In the Midst of Grief – Practical Tools
Mourning Our Losses
Grief is no stranger to those of us affected by chronic illness, mental illness, pain, and suffering. While there are no rules for grieving
chronic loss, there is a road map and there are fellow travelers ahead and behind us on the journey.
Grief often precedes growth.
PRACTICAL TOOLS FOR COPING WITH GRIEF
“People experiencing deep loss are navigating a new normal and developing a way to deal with grief’s profound questions, unexpected moments, and complicated scenarios,” write Whitney Akers and Sara Giusti. Here you will find some practical tools for coping with grief. We pray they will encourage you on your journey of grief.
14 WAYS TO MAKE A DIFFICULT DAY BRIGHTER
- Make time for tears – Tears are cleansing, but can sometimes feel as if they’ll swallow us whole. Setting a timer can create a protective boundary for overwhelming emotions.
- Tell your story – Expressing grief can be done through words — or we can paint, sculpt, sing, dance, bake, journal, knit, carve, craft, build, garden, or sketch. There are many ways to express grief.
- Permission to ask – It’s okay to ask for what we need, even if it’s asking others to please just listen, offer a hug, or steer clear of helpful clichés.
- Challenge yourself to move – All movement counts, including getting out of bed, folding the laundry, making dinner, dancing to a playlist, walking around the block or up and down stairs, stretching, or even taking a shower.
- Splurge on soft tissues – A little softness is comforting when we’re grieving.
- Cuddle up – A soft flannel, a favorite sweater, or a warm blanket can help us feel comforted and protected on a difficult day.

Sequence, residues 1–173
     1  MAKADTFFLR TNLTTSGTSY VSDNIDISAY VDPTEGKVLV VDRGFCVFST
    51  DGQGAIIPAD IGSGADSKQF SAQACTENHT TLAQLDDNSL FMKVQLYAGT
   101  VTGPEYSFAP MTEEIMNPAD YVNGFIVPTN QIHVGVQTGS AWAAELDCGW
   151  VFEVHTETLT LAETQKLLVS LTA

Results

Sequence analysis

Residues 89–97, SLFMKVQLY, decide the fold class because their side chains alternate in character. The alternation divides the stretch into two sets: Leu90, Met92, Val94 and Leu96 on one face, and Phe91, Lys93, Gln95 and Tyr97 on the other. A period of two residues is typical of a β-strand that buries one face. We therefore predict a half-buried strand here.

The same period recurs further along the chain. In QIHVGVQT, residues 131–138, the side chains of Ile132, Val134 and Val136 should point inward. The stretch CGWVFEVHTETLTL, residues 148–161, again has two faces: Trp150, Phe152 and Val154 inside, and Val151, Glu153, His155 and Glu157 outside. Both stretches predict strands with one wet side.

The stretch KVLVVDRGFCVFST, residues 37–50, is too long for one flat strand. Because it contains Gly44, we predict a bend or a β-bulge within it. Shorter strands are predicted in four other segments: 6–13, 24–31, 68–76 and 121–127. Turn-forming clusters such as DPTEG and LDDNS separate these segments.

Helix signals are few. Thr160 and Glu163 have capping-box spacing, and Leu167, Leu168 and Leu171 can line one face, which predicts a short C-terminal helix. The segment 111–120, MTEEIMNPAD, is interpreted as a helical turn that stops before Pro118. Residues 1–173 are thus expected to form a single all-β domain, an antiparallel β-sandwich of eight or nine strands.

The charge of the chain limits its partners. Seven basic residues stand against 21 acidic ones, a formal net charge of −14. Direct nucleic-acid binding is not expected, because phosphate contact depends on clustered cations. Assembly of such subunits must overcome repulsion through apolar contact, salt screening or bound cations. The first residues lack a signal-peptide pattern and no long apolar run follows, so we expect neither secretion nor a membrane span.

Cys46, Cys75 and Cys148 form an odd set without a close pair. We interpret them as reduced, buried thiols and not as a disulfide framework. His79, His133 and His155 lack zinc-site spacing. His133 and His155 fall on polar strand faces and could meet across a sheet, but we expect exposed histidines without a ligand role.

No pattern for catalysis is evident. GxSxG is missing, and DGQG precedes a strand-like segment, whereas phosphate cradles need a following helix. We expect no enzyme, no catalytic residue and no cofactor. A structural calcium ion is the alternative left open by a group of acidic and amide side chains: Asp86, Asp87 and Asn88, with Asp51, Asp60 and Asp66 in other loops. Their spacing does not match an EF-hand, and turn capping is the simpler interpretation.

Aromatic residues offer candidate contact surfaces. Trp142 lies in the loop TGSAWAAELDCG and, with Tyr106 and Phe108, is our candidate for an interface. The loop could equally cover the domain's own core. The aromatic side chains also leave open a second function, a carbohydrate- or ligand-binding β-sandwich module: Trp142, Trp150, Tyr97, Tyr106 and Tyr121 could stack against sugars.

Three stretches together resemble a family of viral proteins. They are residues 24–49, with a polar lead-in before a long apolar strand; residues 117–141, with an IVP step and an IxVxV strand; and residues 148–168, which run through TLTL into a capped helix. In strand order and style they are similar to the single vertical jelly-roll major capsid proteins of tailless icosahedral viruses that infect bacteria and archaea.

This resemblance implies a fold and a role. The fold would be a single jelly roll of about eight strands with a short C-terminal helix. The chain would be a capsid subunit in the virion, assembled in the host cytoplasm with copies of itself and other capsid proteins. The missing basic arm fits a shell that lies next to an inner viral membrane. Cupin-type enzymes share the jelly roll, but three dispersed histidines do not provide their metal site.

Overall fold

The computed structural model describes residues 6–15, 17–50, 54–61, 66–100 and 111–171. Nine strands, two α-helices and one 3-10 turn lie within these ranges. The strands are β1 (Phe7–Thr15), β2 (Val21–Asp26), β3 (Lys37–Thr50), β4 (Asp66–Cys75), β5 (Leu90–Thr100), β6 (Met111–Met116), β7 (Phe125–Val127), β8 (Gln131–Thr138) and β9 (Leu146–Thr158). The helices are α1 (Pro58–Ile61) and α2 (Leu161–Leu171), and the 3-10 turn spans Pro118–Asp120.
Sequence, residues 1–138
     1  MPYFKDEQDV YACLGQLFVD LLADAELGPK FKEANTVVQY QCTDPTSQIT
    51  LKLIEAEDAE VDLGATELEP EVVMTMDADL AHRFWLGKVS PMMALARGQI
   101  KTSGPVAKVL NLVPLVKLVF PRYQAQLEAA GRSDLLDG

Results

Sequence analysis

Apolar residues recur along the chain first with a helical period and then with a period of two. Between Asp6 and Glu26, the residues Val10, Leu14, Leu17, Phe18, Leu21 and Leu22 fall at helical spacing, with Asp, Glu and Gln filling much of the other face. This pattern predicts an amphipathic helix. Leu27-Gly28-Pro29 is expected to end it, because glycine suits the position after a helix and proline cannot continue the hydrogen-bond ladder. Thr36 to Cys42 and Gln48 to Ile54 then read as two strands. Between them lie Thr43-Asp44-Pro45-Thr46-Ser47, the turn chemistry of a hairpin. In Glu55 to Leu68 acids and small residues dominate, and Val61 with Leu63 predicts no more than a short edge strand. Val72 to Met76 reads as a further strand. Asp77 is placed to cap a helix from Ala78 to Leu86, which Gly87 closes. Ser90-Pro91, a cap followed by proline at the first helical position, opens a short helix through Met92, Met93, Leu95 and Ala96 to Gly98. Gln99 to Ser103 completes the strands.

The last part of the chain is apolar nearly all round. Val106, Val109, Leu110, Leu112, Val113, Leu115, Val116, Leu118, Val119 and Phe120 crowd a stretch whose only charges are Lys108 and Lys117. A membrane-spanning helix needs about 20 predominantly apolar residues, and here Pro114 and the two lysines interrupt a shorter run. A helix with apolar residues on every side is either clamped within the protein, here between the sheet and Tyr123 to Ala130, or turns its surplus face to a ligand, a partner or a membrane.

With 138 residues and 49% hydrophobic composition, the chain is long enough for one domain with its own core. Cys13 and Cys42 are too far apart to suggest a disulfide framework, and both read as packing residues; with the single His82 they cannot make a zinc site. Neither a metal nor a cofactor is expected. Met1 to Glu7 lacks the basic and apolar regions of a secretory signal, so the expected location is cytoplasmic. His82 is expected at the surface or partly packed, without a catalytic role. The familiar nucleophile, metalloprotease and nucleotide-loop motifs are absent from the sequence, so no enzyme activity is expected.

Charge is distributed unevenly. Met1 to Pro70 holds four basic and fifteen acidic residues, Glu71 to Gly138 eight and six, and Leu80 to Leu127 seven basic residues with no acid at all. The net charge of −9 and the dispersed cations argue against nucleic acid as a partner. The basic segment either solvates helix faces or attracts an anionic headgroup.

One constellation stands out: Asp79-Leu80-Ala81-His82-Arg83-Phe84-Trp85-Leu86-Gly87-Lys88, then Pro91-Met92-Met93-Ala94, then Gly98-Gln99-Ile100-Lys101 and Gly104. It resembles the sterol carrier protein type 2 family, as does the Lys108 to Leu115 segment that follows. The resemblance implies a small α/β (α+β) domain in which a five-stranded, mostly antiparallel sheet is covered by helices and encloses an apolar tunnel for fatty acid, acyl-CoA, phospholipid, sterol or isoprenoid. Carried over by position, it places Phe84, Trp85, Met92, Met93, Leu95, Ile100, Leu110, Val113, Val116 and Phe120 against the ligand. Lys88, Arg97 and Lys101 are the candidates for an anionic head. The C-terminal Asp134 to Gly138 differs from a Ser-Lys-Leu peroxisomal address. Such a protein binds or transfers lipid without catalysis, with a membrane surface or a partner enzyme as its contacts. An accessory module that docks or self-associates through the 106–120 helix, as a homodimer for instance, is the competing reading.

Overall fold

- Favorite foods – Stock the cupboards with healthy food that are quick and easy to prepare.
A FEW MORE
- Spend a little time outside – Fresh air offers a change of scenery and a new perspective, reminding us that God is still in control.
- Shower or take a bath – Feeling clean makes a difference, even if all we do is put on fresh pajamas and crawl right back into bed.
- Share a good laugh – Calling a friend or loved one who can make us laugh in the messy midst of grief is a precious gift.
- Nourish the mind – Keeping a list of books, podcasts, and TED Talks offers an easy distraction for grief-weary minds.
- Thank god for one good thing – Gratitude can be difficult to feel in the midst of grief, but there is always something to be thankful for: sunshine through a window, a phone call from a friend, a handwritten card, a warm sweater, a great cup of tea, or really good chocolate.
- Stay connected – Time with others on the phone or in person can make a big difference on hard days.
- Being good to ourselves – Treating ourselves to a beautiful hike, lunch with a friend, a great cup of coffee, or a new book might be a perfect pick-me-up on a difficult day.
Coping with Grief
14 Ways to Make a Difficult Day Brighter • Grief is a journey requiring steady sips of hope, plates filled with God’s unbroken promises, the comfort of community, replenishing rest, and fresh air and sunshine.
Grieving & Hope Devotional